The supplements brought the work up to the death of Queen Victoria on 22 January 1901. The dictionary was transferred from its original publishers, Elder & Co. to Oxford University Press in 1917, until 1996, Oxford University Press continued to add further supplements featuring articles on subjects who had died during the twentieth century. The supplements published between 1912 and 1996 added about 6,000 lives of people who died in the century to the 29,120 in the 63 volumes of the original DNB. In 1993 a volume containing missing biographies was published and this had an additional 1,000 lives, selected from over 100,000 suggestions. Consequently, the dictionary was becoming less and less useful as a reference work, in 1966, the University of London published a volume of corrections, cumulated from the Bulletin of the Institute of Historical Research. There were various versions of the Concise Dictionary of National Biography, the last edition, in three volumes, covered everyone who died before 1986.
In the early 1990s Oxford University Press committed itself to overhauling the DNB, the new dictionary would cover British history, broadly defined, up to 31 December 2000. The research project was conceived as a one, with in-house staff co-ordinating the work of nearly 10,000 contributors internationally. Following Matthews death in October 1999, he was succeeded as editor by another Oxford historian, Professor Brian Harrison, in January 2000. The new dictionary, now known as the Oxford Dictionary of National Biography, was published on 23 September 2004 in 60 volumes in print at a price of £7500, most UK holders of a current library card can access it online free of charge. In subsequent years, the print edition has been able to be obtained new for a lower price. At publication, the 2004 edition had 50,113 biographical articles covering 54,922 lives, a small permanent staff remain in Oxford to update and extend the coverage of the online edition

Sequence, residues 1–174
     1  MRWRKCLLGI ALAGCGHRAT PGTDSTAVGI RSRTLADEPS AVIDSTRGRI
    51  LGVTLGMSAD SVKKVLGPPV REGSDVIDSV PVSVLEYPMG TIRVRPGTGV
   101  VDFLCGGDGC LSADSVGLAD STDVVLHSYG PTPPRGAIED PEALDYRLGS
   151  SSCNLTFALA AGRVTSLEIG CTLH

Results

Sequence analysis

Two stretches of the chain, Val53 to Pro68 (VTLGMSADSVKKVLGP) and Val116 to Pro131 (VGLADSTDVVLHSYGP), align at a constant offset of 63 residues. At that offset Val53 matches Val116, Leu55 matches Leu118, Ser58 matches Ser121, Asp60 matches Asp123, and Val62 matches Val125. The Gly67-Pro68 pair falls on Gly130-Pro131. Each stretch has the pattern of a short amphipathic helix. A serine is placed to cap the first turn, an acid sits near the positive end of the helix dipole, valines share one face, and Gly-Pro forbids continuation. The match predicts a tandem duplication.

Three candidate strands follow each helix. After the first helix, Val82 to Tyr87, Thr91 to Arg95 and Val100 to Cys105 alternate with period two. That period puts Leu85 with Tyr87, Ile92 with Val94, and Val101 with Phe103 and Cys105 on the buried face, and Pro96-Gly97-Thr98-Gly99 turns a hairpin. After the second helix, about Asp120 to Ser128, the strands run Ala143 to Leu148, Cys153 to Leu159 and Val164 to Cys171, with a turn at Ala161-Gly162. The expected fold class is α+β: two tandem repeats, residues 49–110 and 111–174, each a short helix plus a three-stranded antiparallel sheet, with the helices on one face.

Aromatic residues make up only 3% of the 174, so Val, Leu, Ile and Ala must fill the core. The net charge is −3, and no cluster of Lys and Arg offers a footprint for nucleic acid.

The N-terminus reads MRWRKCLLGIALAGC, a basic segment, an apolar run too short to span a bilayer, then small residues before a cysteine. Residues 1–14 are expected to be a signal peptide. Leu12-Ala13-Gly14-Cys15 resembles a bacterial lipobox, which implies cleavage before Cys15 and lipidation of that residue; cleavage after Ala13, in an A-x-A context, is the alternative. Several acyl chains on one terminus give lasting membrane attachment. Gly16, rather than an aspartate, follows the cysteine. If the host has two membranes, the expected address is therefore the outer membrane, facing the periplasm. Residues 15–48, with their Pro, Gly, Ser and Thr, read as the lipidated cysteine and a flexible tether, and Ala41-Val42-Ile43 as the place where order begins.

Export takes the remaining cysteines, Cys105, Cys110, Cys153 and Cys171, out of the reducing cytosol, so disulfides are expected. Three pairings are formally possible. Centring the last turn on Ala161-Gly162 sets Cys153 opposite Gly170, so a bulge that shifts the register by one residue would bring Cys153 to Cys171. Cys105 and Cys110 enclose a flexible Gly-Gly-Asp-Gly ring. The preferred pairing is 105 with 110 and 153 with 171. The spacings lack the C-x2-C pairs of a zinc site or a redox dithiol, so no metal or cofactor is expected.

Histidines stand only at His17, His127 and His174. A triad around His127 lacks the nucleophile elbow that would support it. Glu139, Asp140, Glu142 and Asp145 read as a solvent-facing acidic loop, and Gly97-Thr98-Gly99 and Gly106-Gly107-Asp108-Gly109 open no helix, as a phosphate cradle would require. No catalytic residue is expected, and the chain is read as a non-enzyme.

An architect is someone who plans and reviews the construction of buildings. Etymologically, architect derives from the Latin architectus, which derives from the Greek, practical and academic requirements for becoming an architect vary by jurisdiction. The terms architect and architecture are used in the disciplines of landscape architecture, naval architecture. In most jurisdictions, the professional and commercial uses of the terms architect, throughout ancient and medieval history, most architectural design and construction was carried out by artisans—such as stone masons and carpenters, rising to the role of master builder. Until modern times, there was no distinction between architect and engineer. In Europe, the architect and engineer were primarily geographical variations that referred to the same person. It is suggested that various developments in technology and mathematics allowed the development of the gentleman architect. Paper was not used in Europe for drawing until the 15th century, pencils were used more often for drawing by 1600.
The availability of both allowed pre-construction drawings to be made by professionals, until the 18th-century, buildings continued to be designed and set out by craftsmen with the exception of high-status projects. In most developed countries, only qualified people with appropriate license, certification, or registration with a relevant body, such licensure usually requires an accredited university degree, successful completion of exams, and a training period. To practice architecture implies the ability to independently of supervision. In many places, non-licensed individuals may perform design services outside the professional restrictions, such design houses, in the architectural profession and environmental knowledge and construction management, and an understanding of business are as important as design. However, design is the force throughout the project and beyond. An architect accepts a commission from a client, the commission might involve preparing feasibility reports, building audits, the design of a building or of several buildings and the spaces among them.